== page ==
Trying to make up your mind whether or not to invest in a pellet stove to heat your home? Here are some pros and cons on the subject that just might help you decide. Read on to learn more.
Pellet stoves make an ideal choice for those concerned with air pollution. They burn so cleanly, in fact, that even the Environmental Protection Agency (EPA) doesn’t require emissions testing on them. They so effectively combust fuel that they are rated the very cleanest of all residential heating appliances that burn solid fuel. With BTUs ranging from eight thousand to ninety thousand, pellet stoves come in sizes adequate to heat small homes all the way up to multi-family living environments such as apartments, townhomes, or condominiums.
Splitting and carrying firewood becomes a thing of the past when you install a pellet stove. Fuel for this type of appliance comes ready-made in small pellets that resemble rabbit food. You can purchase the pellets in varying-sized amounts, but the most common size for single-family use comes in forty-pound bags, much easier to handle than, say, a cord of firewood.
Other ecological concerns involve from where the fuel for which pellet stove require comes. No trees are cut down, gas reserves used, nor large amounts of electricity are needed for the fuel that runs pellet stoves. These stoves are run from some pellets made primarily from waste materials such as sawdust and agricultural byproducts.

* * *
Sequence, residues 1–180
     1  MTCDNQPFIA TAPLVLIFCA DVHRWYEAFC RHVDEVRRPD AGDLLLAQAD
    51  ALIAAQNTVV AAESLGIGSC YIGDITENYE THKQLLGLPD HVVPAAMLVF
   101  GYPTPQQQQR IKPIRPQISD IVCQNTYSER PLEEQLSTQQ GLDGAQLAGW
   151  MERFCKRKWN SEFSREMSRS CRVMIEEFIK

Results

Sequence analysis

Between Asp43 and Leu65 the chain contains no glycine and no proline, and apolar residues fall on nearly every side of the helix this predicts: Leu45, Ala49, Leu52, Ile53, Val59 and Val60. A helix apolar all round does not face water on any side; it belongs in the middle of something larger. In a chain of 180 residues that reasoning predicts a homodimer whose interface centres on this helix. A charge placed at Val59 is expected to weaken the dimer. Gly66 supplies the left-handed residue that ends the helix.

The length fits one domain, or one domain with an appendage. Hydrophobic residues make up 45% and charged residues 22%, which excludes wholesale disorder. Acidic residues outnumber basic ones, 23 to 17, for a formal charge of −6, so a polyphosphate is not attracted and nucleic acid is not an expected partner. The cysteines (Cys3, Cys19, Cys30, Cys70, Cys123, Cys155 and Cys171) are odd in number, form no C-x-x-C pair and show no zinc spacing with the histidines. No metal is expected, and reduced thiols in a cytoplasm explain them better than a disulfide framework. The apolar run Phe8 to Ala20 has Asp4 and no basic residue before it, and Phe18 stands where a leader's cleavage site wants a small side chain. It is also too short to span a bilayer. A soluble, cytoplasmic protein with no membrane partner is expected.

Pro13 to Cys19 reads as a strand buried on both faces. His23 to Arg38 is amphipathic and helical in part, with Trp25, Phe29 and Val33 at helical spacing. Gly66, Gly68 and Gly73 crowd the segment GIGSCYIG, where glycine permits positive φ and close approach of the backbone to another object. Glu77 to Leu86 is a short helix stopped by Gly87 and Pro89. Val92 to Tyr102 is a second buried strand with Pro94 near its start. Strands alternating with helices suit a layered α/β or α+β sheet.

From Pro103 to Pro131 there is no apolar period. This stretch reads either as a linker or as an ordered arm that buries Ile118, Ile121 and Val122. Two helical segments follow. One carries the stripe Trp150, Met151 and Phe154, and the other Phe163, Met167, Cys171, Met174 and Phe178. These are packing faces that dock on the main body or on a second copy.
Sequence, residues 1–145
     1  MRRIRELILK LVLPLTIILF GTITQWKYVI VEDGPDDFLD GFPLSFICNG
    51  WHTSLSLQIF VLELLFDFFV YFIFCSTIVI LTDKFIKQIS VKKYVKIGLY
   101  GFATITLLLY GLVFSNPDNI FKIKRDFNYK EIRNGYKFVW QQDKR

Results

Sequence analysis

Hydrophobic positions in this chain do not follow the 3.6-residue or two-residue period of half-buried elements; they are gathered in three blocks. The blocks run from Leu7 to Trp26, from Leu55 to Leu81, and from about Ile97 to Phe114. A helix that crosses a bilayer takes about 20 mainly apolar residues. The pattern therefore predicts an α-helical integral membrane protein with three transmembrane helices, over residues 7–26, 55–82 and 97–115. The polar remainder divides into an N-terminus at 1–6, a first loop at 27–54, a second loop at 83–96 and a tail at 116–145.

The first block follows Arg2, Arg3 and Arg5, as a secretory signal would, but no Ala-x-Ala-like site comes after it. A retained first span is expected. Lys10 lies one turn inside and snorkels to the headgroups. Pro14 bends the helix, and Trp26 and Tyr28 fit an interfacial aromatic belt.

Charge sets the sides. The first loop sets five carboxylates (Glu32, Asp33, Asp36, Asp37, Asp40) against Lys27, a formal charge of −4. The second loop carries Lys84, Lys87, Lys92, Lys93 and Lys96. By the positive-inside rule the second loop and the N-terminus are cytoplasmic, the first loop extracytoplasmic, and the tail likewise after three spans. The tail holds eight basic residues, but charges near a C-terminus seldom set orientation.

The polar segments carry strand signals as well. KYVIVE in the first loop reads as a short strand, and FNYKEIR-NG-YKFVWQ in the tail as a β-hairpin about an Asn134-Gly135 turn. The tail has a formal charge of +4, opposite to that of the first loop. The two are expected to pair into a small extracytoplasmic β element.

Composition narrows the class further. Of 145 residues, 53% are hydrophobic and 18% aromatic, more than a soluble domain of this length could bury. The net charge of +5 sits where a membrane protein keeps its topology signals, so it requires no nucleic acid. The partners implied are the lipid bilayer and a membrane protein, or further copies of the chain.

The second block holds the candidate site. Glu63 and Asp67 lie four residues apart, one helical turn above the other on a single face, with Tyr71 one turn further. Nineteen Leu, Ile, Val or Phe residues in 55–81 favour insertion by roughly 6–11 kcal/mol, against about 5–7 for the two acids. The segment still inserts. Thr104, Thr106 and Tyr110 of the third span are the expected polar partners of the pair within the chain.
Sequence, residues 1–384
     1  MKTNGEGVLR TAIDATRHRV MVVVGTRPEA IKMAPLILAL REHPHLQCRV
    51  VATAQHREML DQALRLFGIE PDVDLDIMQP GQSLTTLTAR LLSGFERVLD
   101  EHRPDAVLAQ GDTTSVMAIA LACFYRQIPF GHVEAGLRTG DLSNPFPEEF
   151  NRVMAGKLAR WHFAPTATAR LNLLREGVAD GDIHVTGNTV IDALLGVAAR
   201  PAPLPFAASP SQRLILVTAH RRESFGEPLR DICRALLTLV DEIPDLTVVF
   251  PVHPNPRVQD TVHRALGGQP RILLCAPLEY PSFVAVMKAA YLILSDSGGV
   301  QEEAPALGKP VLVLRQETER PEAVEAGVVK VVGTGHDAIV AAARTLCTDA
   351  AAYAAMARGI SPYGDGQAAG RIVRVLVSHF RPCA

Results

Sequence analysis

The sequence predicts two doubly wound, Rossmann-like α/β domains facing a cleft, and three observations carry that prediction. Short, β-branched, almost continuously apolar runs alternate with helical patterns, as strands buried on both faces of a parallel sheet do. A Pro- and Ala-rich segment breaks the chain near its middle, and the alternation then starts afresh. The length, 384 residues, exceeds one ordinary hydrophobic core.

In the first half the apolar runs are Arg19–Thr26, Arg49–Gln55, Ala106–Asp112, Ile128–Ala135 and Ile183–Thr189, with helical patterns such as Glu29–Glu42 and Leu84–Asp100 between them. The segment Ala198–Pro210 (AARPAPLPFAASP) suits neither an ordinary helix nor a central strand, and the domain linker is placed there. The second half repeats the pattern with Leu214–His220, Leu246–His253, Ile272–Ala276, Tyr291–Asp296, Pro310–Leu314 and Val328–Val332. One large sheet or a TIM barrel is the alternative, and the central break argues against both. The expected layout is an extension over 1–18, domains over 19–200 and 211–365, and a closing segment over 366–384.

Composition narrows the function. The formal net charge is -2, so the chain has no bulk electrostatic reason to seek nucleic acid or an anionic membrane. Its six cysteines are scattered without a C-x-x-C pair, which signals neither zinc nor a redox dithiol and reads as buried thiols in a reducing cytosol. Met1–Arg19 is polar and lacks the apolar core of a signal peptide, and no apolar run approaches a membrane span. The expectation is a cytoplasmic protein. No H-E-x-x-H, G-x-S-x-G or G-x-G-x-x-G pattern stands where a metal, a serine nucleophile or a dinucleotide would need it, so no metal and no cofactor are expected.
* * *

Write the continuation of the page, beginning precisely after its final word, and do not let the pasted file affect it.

Pellet stoves don’t come cheap. Most residential models range in price anywhere from $1700 to $3000. Although pellet stoves don’t require the construction of a chimney, you must vent the exhaust either directly out a wall or through the ceiling. This type of venting doesn’t cost as much as building a chimney, but it is still a consideration when deciding what type of heating appliance homeowners want to choose for their home.
The fuel for pellets costs three to four dollars (typically) for a forty-pound bag. Most families go through two or three tons of pellets each winter. This comes out to about 50 bags of pellets per ton (2000 pounds) times two or three each year.
Doing the math shows that annual fuel costs for pellet stoves run, on average, from $300 to $600, not including the cost of electricity. Electricity needed to run a pellet stove runs the homeowner about 100 kilowatts per month, so whatever rate your service provider charges for that has to be factored in, as well.
Because pellet stoves operate using fairly complex components, when one breaks, it can be somewhat expensive to repair or replace. Another problem lies in the fact that if electricity becomes shut off, during a storm, for instance, not only does the unit not produce heat, it can also cause smoke to come into your home.
To Each His/Her Own
All in all, the pros and cons for pellet stoves seem to be pretty well balanced. Of course, what seems important to one person may not seem to be all that important to another. So it’s up to you to decide whether or not buying, installing, and operating a pellet stove is right for you and your circumstances.
Photo by John Hritz -CreativeCommons Attribution License